Do-it-yourself is seldom the best way of installing a solar energy system, especially for an inexperienced individual. Like most technology-based products, it must be done correctly. That would include permitting and licensing, doing the right (and legal) preparations for your community. One obvious problem to overcome is that any roof supporting the system must be able to support the weight of the system. Some systems weigh, for example, as much as 1,500 pounds. Another pitfall could be a person's lack of knowledge about solar systems. As one chief of a city fire department put it: "These systems are energized power sources and dangerous." In several communities, it is required that a canvas tarpaulin be placed over a system to prevent the system from producing electricity when it is not needed or appropriate. Some systems are as big as 30 feet by 60 feet. Safety is the top priority, as with all power operations. Your local fire department's responsibility is to ensure all persons using a building-home or business-are safe; having solar systems correctly installed, and obeying local codes, is essential.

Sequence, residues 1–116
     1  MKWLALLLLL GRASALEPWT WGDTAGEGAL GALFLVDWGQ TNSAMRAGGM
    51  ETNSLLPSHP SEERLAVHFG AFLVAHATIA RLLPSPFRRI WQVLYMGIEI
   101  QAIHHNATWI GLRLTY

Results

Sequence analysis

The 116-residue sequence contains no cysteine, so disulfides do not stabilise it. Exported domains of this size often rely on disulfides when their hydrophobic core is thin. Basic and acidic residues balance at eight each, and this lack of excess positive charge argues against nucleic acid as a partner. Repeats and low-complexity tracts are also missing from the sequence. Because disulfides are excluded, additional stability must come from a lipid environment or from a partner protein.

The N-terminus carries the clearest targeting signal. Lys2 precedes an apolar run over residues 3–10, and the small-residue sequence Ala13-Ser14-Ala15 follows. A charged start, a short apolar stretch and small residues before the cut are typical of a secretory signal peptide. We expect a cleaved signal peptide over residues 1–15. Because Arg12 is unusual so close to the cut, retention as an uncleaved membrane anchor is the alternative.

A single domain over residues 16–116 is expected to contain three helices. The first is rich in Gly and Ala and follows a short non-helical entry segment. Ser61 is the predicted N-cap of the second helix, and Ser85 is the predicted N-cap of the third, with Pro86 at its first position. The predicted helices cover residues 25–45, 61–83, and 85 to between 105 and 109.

Seattle City Light has an excellent article on installing a solar electric system. It reminds us that electrical permits are required for all solar electric systems. The permits must be secured by the person doing the electrical work; that would be your electrical contractor for most residential projects. Property owners who have the necessary, required planning and installation skills and who want to do the installation themselves can also obtain that electrical permit. The system will be given a field inspection after installation at a cost of about $200.
A building permit is required in Seattle for solar arrays when any of the following apply:
• The weight of the array is 1,000 pounds or more-and there are special rules for those installed on flat roofs.
• The installation is structurally complex-a fact determined by the Department of Planning and Development.
• The solar project is part of building alterations or additions valued at more than $4,000.
• The solar project requires construction of stand-alone support structures valued at more than $4,000.
Your community has its own regulations, and observing them is of paramount importance for safety reasons. In addition, consideration for neighbors will be required. The situation and height of solar panels will probably be regulated so they provide no hindrance for the safety and comfort of neighbors. Of course there are rules. They are the same kind of rules that forbid neighbors from making junk yards of their front yards, the same kind that make a community and neighborhood enjoyable for everyone who lives in it.